Japanese Scientists Were Able To Create Baby Mice From Two Fathers

Scientists have made eggs from male mice’s cells for the first time, leading to the birth of 7 mice with two fathers, according to papers published on Wednesday that scientists described as “revolutionary.”

The method developed in the proof-of-concept study is far from being able to be used on humans. It has many obstacles to overcome, such as an extremely low rate of success in the field, adaptability concerns, and numerous ethical issues.

The breakthrough also opens up many possibilities for reproduction, such that gay couples or even a man who is single may have a biological child without the need for an egg from a female.

The study, which was released through the journal Nature, was conducted by a group of scientists in Japan under the direction of Katsuhiko Hayashi, a developmental biologist from Katsuhiko Hayashi of the Osaka and Kyushu universities.

Hayashi and his colleagues have previously discovered a method to extract the skin cells of a female mouse and turn them into eggs, which could then be used to create healthy babies.

Their most recent research set out to replicate the process in male cells. Similar to humans, male mice carry both the Y and X chromosomes, and females are blessed with two X chromosomes.

Researchers removed tissue cells of the skin from male mice and, using the dish, transformed them into induced stem cells that can develop into any cell.

Through this process, around six percent of cells could not retain their Y chromosomes, leaving just an X-chromosome that became called XO.

With the help of a fluorescent protein and an antagonist called reversine, the researchers succeeded in replicating the current X genome in the cells, thus creating the XX set.

The cells were used to fertilize the eggs using the sperm from a different male mouse before being implanted in the uteruses of female surrogate mice. Of 630 attempts, seven mice were born, which is a success rate of just more than one percent.

According to the study, the puppies do not display any abnormalities and are fertile by themselves.

Hayashi, who presented results during the Third International Summit on Human Genome Editing in London this week, cautioned that many hurdles remained to overcome before this technology can be applied to humans.

“There is a big difference between a mouse and a human,” said the speaker at the audience at the summit.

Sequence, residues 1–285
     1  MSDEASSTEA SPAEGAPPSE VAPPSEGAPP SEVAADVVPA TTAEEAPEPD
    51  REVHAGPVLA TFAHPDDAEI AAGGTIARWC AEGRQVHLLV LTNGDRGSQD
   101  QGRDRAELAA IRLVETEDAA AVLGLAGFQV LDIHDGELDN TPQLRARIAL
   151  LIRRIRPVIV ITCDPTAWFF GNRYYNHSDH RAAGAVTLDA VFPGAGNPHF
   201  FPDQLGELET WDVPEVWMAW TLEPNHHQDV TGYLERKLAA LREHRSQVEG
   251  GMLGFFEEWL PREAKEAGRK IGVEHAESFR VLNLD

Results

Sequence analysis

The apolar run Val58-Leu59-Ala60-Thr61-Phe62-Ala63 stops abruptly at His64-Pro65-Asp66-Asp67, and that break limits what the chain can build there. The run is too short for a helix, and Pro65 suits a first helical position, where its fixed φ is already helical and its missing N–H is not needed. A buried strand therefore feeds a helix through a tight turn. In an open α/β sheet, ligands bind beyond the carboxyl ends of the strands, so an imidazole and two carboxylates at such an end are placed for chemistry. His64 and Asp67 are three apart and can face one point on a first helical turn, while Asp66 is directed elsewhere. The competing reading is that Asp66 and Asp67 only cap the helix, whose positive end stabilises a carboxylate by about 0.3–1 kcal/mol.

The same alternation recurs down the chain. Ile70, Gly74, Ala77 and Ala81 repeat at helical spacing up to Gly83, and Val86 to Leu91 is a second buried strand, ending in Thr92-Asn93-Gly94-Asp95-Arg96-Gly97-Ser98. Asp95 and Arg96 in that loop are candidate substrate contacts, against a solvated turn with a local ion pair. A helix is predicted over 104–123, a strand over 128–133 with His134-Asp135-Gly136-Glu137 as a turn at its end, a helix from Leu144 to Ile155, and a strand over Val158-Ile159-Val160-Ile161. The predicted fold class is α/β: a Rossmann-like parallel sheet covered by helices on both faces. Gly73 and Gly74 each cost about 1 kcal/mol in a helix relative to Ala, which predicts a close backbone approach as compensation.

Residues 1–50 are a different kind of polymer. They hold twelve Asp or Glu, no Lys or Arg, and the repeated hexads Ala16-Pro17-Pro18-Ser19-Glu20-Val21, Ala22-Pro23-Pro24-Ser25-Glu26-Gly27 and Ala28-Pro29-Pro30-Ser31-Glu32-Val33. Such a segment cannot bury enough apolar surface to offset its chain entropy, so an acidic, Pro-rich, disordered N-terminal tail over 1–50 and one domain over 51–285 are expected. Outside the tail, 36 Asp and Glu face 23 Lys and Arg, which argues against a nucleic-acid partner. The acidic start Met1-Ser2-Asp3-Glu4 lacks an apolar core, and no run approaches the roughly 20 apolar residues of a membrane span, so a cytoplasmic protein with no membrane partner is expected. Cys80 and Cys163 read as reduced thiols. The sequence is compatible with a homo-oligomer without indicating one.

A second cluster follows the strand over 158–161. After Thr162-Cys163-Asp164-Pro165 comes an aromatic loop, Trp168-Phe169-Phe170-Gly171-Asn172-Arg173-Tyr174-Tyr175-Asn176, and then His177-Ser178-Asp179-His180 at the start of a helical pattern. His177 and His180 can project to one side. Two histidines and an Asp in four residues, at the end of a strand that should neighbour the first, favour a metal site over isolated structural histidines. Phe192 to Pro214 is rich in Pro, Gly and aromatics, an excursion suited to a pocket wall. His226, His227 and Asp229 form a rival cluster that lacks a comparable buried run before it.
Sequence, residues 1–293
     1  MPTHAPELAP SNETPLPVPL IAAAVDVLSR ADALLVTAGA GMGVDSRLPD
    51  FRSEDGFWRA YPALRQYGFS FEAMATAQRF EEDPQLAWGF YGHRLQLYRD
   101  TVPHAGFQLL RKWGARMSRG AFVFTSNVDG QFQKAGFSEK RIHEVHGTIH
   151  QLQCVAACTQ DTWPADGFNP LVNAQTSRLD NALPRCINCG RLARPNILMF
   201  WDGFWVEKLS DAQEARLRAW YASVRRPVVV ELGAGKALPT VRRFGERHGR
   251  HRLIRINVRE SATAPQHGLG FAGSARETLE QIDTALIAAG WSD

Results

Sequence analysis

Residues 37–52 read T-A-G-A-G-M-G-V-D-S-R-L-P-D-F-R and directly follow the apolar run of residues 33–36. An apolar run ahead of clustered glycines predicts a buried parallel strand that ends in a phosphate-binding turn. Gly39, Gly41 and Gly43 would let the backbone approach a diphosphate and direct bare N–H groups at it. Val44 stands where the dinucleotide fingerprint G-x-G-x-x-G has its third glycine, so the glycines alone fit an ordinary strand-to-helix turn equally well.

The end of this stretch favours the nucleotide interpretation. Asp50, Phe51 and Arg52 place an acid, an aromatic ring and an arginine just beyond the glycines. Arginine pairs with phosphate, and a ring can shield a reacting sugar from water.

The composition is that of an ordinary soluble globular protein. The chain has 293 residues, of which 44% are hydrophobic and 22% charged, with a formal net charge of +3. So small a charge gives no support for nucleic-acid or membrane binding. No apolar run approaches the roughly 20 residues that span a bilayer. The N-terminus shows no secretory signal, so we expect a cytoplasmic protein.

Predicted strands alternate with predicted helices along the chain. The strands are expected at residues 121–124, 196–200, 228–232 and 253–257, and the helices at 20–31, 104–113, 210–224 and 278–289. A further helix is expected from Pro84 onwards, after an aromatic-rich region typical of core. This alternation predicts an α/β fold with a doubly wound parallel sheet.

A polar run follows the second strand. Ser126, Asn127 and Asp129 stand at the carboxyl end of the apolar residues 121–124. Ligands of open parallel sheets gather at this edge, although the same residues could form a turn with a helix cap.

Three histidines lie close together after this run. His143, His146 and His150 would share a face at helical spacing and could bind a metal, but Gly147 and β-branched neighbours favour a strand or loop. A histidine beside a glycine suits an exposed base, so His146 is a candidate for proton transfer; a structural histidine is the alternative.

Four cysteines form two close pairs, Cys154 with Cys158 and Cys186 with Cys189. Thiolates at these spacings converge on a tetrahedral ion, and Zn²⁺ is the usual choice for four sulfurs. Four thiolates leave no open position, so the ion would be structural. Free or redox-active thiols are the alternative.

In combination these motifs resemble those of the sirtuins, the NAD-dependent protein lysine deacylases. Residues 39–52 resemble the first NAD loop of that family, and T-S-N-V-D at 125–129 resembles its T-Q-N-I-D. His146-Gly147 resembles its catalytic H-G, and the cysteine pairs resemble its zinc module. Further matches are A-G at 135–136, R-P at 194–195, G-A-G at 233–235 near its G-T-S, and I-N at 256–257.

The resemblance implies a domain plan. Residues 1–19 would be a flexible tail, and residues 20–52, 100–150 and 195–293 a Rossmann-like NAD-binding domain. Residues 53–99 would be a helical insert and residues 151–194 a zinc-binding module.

Nitzan Gonen, the laboratory director for determining sex in Israel’s Bar-Ilan University, told AFP that the paper was a “revolutionary paper” while warning that there was still a far distance to travel.

Theoretically, this technique could permit two males of the same gender couples to have a child, with one of them providing the sperm while another the egg, said Gonen, who was not part of the study.

One man might even be able to provide both the sperm and the egg, which Gonen claimed might have the potential to be “a bit more like cloning, like what they did with Dolly, the sheep”.

Jonathan Bayerl and Diana Laird, reproductive and stem cell experts from the University of California, San Francisco They, said whether the procedure could work with human stem cells still needs to be clarified.

However, this research is “a milestone in reproductive biology”, as they wrote in Nature. According to the report, a possible future application would be to save an endangered species with only one male left on edge, provided that a female is from another species.

However, Gonen said the process is currently “extremely inefficient”, with 99 percent of embryos failing to survive.

While pregnancy lasts just three weeks in mice, it can last for nine months in humans, which means plenty of time for something to be wrong, she said. If she were to make a guess, Gonen estimated that “scientifically speaking,” the technology could be available to humans within 10 to 15 years. However, she explained that didn’t include the time needed to go through ethical issues that could arise.

“The fact that we can do something does not necessarily mean we want to do it — especially when we are talking about a human being.”


Also read about Panasonic’s New Companion Robot Can Fart And That’s It.

Write a comment